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Nature Boy

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  1. Nature Boy


    1) Always backflow. You ought to have enough time to finish the backflow and finish during CX and Neg Block Prep. 2) If your partner can't read your handwriting: write in all CAPS handwriting on their flows. It makes it much more legible for them.
  2. Oops, yes I am. It's all that school switching!
  3. Best coach/judge: honestly, y'all seem to way underappreciate and under-utilize Steve Rowe's (Interlake) debate experience and knowledge. Best squad/school: interlake, tbh Best team: interlake lm (strictly speaking, sgs rm) Most Improved Team: Vashon - y'all not only improved from year to year, but from tournament to tournament. It was awesome to see. Best aff: I hate you all Best negative position: case turns, disad, PIC (I hate you all, this topic was built for it, especially given how lazy everyone was in cutting/breaking new affs) Most persuasive speaker: kashif Most helpful person: all of your judges. Few debate areas get as much high quality post-round and ballot instruction as WA tournaments tend to have. Fastest debater: bring me more case/disad/PIC debates and I'll tell you next year Best debater overall: slim Squad to watch out for next year: Interlake (lots of 7 weeks? Yeah, I'd say watch out) Funniest debater: you're not funny edit fixed for stupid.
  4. HAHAHAHA, how cute, you think I'm not also browsing reddit at the same time Although, that should explain to all of you why I am quick to forget every round you've ever had in front of me. Actually, I just care about adjudicating and then stop caring about past rounds. I'm only on reddit during prep.
  5. Install a desktop interface behind ChromeOS, you can then "Alt+Tab" between ChomeOS and the desktop, install full software from Linux, etc. That would allow you to use the DebateOS template with LibreOffice, which is compatible with Verbatim.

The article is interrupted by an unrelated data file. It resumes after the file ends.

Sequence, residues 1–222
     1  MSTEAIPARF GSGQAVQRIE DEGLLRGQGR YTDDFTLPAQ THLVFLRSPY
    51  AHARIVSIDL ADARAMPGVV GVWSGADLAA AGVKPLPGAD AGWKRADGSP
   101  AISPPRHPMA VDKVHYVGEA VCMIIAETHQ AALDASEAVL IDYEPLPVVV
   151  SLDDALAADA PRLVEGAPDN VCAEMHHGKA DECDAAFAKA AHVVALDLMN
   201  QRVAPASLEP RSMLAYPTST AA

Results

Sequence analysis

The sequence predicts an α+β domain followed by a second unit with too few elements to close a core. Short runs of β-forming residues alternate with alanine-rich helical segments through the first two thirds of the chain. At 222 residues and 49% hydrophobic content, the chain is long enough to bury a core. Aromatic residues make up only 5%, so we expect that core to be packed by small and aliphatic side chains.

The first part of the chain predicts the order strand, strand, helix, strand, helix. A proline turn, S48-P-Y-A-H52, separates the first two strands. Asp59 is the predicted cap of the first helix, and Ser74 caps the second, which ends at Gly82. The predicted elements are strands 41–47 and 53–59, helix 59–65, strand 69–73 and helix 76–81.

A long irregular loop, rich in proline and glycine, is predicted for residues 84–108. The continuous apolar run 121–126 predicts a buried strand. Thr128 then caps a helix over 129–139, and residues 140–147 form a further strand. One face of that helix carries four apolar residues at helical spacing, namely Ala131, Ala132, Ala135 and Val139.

6. It's important to know that Verbatim and all templates, in general, have gravitated to using native styles, rather than custom styles. You can recreate this by assigning an Alias to a current style, instead of creating a "new" style. This should also allow you to make Verbatim friendly docs in Google Docs or LibreOffice, for example, or really any generic text editor with Headings 1 - 4 (as the main/most important styles for making Verbatim and other templates work). Guide for Open Paperless Project based templates: http://paperlessdebate.com/SitePages/Open%20Paperless%20Project.aspx I think everyone should watch these videos if they use Verbatim: OS X: PC: Here are defaults for these and default keystrokes that make you compatible with any Verbatim or Open Paperless Project templates I know of. Pocket = Heading 1 CTRL-1 Hat = Heading 2 CTRL-2 Block = Heading 3 CTRL-3 Tag = Heading 4 CTRL-4 Underline = CTRL-U Paste Special = Shift+Command+V (this is slower than the macro, but brings up a dialogue box to paste unformatted text) You can customize the keystrokes to the F1-12 keys by going: 1. Select Tools ==> Customize Keyboard 2. Select the appropriate category on the left and select the right command (Probably Styles and Heading 1 - Heading 4, for example) 3. Assign a new keyboard shortcut (F4 - Heading 1/Pocket) 4. Click o.k. twice 5. Repeat for the functions you have/need F2 – Paste Unformatted F3 – Remove Returns F4 – Pocket F5 – Hat F6 – Block F7 – Tag F8 – Cite F9 – Underline F10 – Emphasis F11 – Highlight F12 – Clear Formatting